Ang Lee successfully achieves this by presenting a globally popular film based on his transnational identity, a transnational cast, a global production and distribution system as well as universally applied themes. Although there is a risk of self-orientalism and self-exoticism, Crouching Tiger presents a globalized version of wuxia film. The globalization of this film starts with its director Ang Lee as a “global man” (Chang 104). Ang Lee is an example of transnational identity. He is a Taiwanese long resident in the United States. He is a “second generation of mainlanders in Taiwan, […]an alien in the US and […] a Taiwanese in Mainland China” (Chang 104). He makes both Hollywood films, such as Brokeback Mountain (2005), The Ice Storm (1997), Hulk (2003) and Sense and Sensibility (1995), as well as Chinese-language films. Therefore, Ang Lee is well situated in “handling and orchestrating the currents and counter-currents of Chineseness and the western culture” (Chan 5). He even explicitly explores the clash, conflict and compromise between these two cultures in films like Pushing Hands (1991) and The Wedding Banquet (1993). Though he only had one five-day visit to mainland China before he spent five months shooting Crouching Tiger there, Ang Lee cherishes a strong attachment to the mainland as a person whose parents are both mainlanders. This is probably one of the reasons he chose the wuxia genre over kung fu for the latter is still considered a Hong Kong film genre. In making the film Crouching Tiger, Ang Lee, as always, was well aware of the politics of global audience appeal, particularly this film considering its exclusive historical setting in ancient China. He knew that he had to make a film that was both accessible to the Western audience and had cultural appeal to the Chinese, or the broader Asian audiences. He described this film as an attempt to merge what he saw as Western and Chinese styles of film-making: “Sense and Sensibility with martial arts” (Klein 31).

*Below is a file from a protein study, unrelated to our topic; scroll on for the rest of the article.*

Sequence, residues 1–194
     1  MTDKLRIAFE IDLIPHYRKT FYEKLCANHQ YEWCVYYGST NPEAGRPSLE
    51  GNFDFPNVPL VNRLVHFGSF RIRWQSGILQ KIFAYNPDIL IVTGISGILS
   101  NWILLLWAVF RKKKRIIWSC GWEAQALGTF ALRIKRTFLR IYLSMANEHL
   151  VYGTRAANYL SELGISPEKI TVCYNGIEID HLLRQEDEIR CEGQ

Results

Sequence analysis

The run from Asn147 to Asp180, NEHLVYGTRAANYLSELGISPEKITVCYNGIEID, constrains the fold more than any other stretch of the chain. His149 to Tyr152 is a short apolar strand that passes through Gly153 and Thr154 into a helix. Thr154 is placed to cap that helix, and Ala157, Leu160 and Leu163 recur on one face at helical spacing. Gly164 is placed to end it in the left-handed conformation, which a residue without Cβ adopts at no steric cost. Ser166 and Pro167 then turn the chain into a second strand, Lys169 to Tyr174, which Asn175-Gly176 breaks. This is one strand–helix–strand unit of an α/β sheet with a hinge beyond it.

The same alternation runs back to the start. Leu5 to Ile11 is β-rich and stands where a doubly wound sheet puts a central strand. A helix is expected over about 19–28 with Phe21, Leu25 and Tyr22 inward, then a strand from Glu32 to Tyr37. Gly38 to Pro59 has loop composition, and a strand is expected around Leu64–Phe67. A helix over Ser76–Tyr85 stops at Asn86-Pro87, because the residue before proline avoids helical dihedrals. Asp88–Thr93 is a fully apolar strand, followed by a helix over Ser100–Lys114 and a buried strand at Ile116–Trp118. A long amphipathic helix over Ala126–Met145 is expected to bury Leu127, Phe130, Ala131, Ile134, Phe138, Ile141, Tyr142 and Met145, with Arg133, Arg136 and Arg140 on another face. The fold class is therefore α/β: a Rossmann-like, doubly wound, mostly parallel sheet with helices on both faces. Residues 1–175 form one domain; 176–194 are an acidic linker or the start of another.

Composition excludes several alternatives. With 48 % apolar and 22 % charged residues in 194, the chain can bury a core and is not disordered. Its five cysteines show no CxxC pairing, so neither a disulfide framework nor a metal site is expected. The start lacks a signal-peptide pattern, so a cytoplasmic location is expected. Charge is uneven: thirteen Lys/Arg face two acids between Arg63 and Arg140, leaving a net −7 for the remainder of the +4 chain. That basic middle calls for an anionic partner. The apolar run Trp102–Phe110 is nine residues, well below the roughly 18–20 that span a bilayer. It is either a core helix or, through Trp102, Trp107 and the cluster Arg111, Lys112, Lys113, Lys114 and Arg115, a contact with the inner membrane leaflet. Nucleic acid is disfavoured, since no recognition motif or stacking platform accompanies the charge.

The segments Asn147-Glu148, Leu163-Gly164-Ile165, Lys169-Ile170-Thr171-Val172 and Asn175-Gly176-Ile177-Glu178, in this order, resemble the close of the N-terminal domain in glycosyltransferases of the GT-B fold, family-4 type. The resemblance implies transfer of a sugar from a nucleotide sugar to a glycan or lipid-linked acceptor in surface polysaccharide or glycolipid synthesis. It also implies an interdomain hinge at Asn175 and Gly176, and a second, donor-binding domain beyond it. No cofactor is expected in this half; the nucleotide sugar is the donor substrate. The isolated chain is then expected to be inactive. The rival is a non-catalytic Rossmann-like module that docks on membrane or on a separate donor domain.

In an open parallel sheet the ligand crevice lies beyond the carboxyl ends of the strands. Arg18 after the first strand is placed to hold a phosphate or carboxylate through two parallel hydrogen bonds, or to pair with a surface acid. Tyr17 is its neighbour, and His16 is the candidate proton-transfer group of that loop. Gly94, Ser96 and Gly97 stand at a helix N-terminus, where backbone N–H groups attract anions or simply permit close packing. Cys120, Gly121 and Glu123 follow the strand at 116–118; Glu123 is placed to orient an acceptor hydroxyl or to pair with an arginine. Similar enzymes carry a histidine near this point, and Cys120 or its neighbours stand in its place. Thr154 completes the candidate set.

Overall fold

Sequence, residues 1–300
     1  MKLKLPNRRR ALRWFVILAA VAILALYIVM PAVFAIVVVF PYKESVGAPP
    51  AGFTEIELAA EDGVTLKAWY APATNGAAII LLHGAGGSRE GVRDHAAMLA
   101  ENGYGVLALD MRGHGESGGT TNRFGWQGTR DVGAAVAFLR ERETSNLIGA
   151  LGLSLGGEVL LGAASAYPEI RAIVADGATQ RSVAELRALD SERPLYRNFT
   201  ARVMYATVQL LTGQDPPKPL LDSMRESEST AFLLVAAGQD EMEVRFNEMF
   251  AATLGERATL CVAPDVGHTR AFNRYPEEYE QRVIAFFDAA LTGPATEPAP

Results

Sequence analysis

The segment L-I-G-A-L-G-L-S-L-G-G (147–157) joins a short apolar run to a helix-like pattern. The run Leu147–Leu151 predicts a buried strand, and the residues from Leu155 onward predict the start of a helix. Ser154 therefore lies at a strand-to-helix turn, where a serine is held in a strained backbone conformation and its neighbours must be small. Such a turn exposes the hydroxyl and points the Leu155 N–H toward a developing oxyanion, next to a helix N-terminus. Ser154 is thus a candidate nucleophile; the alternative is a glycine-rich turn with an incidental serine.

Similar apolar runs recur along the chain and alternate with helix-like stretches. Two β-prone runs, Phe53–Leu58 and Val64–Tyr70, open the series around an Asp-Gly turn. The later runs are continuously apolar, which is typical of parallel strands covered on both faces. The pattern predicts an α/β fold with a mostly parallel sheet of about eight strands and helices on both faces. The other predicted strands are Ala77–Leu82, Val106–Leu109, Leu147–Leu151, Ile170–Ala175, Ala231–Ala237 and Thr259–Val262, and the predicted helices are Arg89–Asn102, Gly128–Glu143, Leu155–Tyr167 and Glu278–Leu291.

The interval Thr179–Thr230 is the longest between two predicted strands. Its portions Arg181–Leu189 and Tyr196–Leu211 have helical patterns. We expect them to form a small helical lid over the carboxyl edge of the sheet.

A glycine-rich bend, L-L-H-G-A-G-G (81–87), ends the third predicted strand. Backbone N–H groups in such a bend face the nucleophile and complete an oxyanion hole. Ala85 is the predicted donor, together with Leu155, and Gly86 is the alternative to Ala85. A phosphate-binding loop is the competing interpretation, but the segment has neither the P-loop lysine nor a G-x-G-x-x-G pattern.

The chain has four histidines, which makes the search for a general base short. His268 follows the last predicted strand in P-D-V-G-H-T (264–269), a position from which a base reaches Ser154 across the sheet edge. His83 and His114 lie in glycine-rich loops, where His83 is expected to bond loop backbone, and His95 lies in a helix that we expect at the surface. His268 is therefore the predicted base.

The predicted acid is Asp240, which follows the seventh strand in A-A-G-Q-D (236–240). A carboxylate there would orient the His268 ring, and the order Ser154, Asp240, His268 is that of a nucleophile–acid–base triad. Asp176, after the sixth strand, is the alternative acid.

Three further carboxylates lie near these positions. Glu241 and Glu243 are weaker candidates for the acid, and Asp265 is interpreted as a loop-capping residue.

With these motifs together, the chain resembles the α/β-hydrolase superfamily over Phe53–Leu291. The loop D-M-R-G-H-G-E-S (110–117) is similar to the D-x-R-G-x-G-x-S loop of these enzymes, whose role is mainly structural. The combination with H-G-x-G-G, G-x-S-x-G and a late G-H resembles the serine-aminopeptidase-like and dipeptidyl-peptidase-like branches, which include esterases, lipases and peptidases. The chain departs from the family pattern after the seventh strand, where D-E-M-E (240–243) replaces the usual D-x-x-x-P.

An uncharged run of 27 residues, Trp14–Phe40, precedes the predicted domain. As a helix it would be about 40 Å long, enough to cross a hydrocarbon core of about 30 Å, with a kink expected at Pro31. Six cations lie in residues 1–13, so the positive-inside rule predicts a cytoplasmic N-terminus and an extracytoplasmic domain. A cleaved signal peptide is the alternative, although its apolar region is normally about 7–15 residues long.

As a director constantly mediating the two sharply different cultures between the East and the West, Ang Lee clearly knew that the cultural hybridization was an inevitable part of a globalized film industry. The success of Crouching Tiger was an obvious poof. James Schamus, one of the three screenwriters for Crouching Tiger, also noticed the hybridization and observed that this film was “an eastern movie for western audiences and in some ways a more western movie for eastern audiences” (Chan 5). In addition to the director’s awareness of making a film that has global appeal, the cast and the production team as well as the distribution system are also international. It includes stars from mainland China (Zhang Ziyi), Hong Kong (Chow Yun-Fat and Cheng Pei Pei), Taiwan (Chang Chen and Lung Sihung) and Malaysia (Michelle Yeoh). Though the film is based on a Chinese wuxia novel in the 1940s, its screenplay is written by an American screenwriter and a Taiwanese writer. The whole shooting team thus includes a Taiwanese director, Hong Kong crew, producers and hundreds of staff from China. What’s more, as Christina Klein observes, the financing of this film comes from companies in Japan, Hong Kong and the United States, according to the divisions of which the distributors cover Asia, Latin America, North America and Europe (19). In a word, the film maps out “the national ‘crouching’ in the transnational and the transnational ‘hidden’ in the national” (Chang 105). Similar to some of Lee’s previous films, such as Pushing Hands, in which the differences between Chinese and American cultures were explored and the tension between Chinese filial piety and American freedom depicted, Crouching Tiger also shows the struggle between individual freedom and social and communal responsibility, a theme that has global appeal. In this film, Mu bai and Shu Lien represent a concern for social and communal responsibility.